Three fishermen pass by a burned hillside Wednesday, Sept. 9, 2020, in the Yakima River Canyon near the Umtanum Recreation site outside of Ellensburg, Wash.

Umtanum Creek recreation site to close

The Bureau of Land Management plans to close its Umtanum Creek recreation site in the Yakima Canyon until May, starting Oct. 26.

Work to improve the suspension bridge and parking area was originally planned for fall 2018 before getting delayed. No access will be allowed into the site or across the footbridge until its reopening, scheduled for May 14, 2021.

WDFW asks for input on bear hunting

The Washington Department of Fish and Wildlife wants to hear from the public regarding a proposed rule for spring black bear hunting.

The rule would modify season dates and permit numbers in some areas, and remove two private timberland properties from the North Skagit hunt. Those interested should go to wdfw.wa.gov and follow the link to a survey by Oct. 29.

Written comments can also be submitted via email to wildthing@dfw.wa.gov or via mail to WDFW Rules Coordinator, PO Box 43200, Olympia, WA 98504-3200. For more information go to wdfw.wa.gov.

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Patch birding is a phrase that simply means birding regularly in an area close to home. The nice thing about patch birding is you can pop over to the local patch on short notice and at any time during the day to see what birds are active. The Yakima Area Arboretum is just such a place and this week local birders there enjoyed a great mix of birds, as well as a few surprises.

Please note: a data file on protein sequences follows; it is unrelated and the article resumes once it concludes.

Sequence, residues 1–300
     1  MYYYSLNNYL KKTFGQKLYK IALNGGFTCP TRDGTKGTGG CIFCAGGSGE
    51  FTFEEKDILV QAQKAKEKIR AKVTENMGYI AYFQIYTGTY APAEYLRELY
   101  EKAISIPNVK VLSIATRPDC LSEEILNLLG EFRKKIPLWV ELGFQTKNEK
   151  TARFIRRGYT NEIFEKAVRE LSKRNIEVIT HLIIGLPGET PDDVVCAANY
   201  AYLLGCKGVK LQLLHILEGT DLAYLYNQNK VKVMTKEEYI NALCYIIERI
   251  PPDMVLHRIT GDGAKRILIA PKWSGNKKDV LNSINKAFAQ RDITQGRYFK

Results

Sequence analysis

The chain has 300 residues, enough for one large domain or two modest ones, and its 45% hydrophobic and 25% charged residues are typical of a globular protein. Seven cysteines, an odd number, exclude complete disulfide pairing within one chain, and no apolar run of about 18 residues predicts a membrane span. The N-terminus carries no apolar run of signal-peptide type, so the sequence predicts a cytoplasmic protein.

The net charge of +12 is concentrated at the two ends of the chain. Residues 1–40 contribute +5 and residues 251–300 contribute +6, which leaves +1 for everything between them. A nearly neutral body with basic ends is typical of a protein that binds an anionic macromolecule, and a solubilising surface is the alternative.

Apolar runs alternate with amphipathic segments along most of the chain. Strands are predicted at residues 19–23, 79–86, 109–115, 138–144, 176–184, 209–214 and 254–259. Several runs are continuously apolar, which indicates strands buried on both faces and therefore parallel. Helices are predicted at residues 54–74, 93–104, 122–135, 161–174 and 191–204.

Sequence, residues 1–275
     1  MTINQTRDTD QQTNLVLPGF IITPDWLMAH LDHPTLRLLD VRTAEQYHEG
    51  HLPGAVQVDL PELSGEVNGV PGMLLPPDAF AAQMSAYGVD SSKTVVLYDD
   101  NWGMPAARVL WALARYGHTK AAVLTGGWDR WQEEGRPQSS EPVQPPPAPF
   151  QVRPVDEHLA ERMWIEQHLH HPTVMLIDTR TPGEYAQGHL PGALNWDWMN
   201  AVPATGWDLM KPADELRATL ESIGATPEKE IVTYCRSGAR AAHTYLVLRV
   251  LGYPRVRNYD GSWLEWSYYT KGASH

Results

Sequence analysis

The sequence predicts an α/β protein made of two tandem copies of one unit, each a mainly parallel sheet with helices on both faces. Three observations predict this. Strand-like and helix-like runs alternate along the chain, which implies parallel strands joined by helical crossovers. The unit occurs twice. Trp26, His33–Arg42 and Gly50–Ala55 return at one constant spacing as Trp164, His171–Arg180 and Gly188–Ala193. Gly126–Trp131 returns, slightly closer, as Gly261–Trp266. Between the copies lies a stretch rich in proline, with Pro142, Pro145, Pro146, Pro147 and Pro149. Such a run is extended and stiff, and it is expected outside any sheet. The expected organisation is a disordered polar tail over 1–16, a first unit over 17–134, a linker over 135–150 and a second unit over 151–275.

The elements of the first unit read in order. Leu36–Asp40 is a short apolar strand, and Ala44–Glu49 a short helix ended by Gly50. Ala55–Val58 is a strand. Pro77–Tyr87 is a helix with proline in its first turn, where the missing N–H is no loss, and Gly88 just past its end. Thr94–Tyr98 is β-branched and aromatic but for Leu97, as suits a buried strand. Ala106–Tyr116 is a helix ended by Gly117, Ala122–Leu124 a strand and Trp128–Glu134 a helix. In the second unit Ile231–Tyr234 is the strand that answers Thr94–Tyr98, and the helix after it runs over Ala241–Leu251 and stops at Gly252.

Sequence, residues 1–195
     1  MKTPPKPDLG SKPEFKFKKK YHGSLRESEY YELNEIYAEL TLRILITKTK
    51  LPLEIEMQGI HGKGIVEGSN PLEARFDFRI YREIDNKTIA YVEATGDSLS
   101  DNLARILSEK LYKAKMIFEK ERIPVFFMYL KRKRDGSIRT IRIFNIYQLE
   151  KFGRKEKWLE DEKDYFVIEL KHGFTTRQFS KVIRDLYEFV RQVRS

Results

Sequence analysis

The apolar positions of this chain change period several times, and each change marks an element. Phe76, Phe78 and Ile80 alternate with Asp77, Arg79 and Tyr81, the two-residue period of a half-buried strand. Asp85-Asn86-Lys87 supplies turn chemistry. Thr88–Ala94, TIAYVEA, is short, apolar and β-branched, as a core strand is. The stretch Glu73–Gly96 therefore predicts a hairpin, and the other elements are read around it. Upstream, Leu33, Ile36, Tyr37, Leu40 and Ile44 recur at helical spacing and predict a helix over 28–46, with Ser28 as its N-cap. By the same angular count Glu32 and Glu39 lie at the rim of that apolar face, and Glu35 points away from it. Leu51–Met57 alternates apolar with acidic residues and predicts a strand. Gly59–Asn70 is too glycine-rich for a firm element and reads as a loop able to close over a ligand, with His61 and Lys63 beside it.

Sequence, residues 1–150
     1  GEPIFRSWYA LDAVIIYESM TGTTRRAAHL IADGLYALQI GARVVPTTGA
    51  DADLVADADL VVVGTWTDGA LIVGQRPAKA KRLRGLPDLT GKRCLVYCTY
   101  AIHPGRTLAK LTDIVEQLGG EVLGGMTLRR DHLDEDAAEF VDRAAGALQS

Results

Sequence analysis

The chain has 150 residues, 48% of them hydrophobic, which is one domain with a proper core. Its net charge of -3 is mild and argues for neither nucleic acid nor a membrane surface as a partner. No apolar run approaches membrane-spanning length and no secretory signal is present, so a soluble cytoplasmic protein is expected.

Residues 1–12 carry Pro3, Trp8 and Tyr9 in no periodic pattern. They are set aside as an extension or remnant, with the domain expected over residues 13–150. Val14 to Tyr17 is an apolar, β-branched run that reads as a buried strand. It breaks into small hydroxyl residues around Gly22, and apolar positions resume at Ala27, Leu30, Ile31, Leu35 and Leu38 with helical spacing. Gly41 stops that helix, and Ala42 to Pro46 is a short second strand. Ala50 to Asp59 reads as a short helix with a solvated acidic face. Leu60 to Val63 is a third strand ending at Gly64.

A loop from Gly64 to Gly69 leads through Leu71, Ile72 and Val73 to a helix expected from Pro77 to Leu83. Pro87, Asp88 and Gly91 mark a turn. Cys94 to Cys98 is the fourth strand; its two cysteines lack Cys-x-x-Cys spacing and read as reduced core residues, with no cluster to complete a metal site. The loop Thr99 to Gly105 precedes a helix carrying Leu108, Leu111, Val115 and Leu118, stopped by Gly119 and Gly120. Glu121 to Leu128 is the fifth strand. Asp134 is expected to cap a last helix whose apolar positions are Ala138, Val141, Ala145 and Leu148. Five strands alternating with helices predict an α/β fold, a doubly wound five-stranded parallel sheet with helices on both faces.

A local wildlife biologist, who has been banding sparrows at the arboretum sparrow patch for a couple of years now, trapped and banded a hybrid of a golden-crowned sparrow and a white-throated sparrow. A hybrid is a bird that has two different species as parents. Interestingly, other birders also found and photographed a hybrid of a white-crowned sparrow and a white-throated sparrow in the same area. The white-throated sparrow is a rare visitor to the Yakima area and at least one of them has been very active socially.

Also noted at the arboretum was a flock of 44 violet-green swallows moving south along the Yakima River and almost 200 cedar waxwings feeding on juniper berries.

If you find yourself not getting out enough lately, check out the Arboretum and discover the abundance of birds present within it. Remember to practice physical distancing while outdoors and immerse yourself in the beauty of nature that surrounds you.

Email your bird sightings to kdturley@embarqmail.com and be sure to like us on our Facebook page or visit yakimaaudubon.org.